— Omid Memarian (@Omid_M) August 25, 2014
Iran has the highest number of internet users in the Middle East, but its average data speed is about a tenth of the global average.Internet speeds in Iran have accelerated by 30 percent since summer 2013, after Hassan Rohani won the presidential election.
An unidentified female Iranian-American photojournalist was released on Thursday, Aug. 21 after being held in police custody at an unidentified location since July 22.
The photojournalist had official accreditation from the Ministry of Culture and Islamic Guidance, and was arrested alongside her husband and on the same day that Iranian-American Washington Post reporter Jason Rezaian and his wife Yeganeh Salehi were arrested.
Since then, the husband of the photojournalist has been released. Rezaian and Salehi remain in the custody of the Iranian Judiciary in an unknown location and have yet to be issued formal charges.
Cyber police interrogator Akbar Taghizadeh has been sentenced to three years in prison, two years in exile, and 74 lashes for the murder of dissident blogger Sattar Beheshti, who died under torture while in police detention in November 2012. “On Wednesday afternoon, August 6, news of the sentence was delivered to us by mail. But we do not accept it. It is dastardly and unfair,” said Gohar Eshghi, Beheshti's mother, in an interview with the International Campaign for Human Rights in Iran. Many Twitter users, following the story under the #SattahBeheshti hashtag, expressed similar disapproval for the sentencing.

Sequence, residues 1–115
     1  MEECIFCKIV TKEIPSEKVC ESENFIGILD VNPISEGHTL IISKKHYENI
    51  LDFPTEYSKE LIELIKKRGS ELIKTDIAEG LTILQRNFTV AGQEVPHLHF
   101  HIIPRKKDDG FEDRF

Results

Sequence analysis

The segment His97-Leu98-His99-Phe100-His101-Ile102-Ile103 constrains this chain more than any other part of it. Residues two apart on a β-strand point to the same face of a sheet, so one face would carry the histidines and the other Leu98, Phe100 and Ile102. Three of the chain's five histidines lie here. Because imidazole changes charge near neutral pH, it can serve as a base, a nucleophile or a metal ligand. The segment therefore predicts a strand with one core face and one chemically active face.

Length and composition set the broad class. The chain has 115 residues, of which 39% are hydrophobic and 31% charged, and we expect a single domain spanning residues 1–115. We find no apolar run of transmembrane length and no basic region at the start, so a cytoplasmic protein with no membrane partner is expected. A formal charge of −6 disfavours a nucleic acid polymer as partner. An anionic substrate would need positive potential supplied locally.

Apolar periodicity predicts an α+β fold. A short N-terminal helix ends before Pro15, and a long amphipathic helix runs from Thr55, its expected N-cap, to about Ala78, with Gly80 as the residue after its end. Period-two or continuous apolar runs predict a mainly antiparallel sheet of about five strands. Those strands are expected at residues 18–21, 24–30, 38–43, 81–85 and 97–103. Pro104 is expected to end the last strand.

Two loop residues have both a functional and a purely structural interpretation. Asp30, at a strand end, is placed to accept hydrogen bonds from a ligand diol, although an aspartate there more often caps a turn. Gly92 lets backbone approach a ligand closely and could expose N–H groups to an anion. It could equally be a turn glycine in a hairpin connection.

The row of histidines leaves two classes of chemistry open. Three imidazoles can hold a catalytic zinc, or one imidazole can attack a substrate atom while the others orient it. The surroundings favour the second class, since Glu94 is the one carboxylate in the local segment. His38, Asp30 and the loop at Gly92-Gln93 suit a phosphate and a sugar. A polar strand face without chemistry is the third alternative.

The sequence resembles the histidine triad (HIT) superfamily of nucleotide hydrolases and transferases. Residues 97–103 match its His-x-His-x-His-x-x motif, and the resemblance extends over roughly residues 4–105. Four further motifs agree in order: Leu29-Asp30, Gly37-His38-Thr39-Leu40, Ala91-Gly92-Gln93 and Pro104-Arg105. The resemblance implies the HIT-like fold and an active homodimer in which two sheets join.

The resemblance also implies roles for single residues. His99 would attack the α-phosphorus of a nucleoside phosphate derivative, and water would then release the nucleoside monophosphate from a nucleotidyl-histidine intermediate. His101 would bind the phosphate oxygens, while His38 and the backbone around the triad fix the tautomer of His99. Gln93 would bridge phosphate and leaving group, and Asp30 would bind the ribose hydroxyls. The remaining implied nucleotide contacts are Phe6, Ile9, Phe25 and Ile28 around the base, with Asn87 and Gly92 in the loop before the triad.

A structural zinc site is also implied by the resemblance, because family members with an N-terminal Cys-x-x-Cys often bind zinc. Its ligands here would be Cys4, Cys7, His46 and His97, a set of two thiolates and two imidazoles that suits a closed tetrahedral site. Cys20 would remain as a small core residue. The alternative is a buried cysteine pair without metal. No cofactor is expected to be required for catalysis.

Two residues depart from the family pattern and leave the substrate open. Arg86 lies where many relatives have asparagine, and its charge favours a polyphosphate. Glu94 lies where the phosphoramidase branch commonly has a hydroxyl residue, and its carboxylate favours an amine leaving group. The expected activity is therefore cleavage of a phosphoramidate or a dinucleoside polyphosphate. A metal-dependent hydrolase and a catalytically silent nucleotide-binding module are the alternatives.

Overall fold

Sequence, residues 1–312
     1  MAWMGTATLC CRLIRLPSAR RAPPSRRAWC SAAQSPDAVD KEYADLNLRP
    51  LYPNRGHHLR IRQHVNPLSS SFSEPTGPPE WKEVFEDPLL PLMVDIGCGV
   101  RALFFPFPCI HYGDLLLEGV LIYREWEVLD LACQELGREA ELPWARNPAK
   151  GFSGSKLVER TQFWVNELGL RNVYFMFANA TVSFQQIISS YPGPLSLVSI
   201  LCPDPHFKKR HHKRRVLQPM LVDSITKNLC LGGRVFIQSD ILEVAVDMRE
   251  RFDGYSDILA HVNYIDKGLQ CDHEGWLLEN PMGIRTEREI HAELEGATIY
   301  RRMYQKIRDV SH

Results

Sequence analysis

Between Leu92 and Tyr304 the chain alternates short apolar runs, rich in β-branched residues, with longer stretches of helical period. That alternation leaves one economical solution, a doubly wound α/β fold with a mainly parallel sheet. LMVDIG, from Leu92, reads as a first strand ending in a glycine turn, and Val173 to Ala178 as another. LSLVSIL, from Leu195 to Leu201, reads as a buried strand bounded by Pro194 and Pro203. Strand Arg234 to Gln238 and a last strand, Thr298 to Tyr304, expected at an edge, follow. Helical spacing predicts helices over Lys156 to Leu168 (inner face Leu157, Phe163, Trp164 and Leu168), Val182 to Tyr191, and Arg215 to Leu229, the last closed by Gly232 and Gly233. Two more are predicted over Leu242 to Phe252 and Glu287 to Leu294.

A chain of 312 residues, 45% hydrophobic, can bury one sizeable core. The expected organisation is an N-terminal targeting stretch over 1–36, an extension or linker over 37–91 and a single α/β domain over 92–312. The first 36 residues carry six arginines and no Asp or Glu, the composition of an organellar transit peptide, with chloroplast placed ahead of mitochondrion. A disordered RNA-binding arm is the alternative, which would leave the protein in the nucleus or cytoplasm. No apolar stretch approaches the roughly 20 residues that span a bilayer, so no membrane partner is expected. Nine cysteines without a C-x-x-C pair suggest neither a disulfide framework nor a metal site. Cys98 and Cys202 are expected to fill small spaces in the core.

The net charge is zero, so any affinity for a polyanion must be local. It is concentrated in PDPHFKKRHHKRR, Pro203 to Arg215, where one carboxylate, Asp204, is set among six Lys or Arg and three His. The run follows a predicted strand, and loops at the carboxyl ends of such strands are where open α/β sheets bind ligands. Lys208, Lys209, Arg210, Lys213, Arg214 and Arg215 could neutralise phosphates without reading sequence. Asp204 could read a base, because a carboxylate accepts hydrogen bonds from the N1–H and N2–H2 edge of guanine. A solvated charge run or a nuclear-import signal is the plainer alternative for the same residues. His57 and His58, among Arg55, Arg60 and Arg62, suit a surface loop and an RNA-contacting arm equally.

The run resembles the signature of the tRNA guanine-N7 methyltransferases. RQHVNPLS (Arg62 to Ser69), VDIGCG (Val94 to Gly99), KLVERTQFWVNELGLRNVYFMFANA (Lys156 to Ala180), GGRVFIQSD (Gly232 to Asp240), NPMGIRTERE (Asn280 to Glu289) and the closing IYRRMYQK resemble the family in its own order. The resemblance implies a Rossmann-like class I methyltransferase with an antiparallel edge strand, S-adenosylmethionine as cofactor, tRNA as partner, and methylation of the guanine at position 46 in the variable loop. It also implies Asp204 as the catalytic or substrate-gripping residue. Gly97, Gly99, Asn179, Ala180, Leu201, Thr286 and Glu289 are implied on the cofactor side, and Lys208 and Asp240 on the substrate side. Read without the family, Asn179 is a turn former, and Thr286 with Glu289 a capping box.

A photograph showing crowds outside a popular Cairo liquor store is making the rounds online. On Twitter, Tom Gara shares it with his 27.9K followers:
Pic doing the rounds on FB of the scene at Drinkies, a popular Cairo liquor store, now that Ramadan is over. pic.twitter.com/VMsbiNtInH
— Tom Gara (@tomgara) July 28, 2014
Egypt, with a liberal alcohol policy compared to other Muslim countries, bans the sale of alcohol to Egyptians during the Muslim fasting month of Ramadan, which ended yesterday. This explains the scene Gara tweets.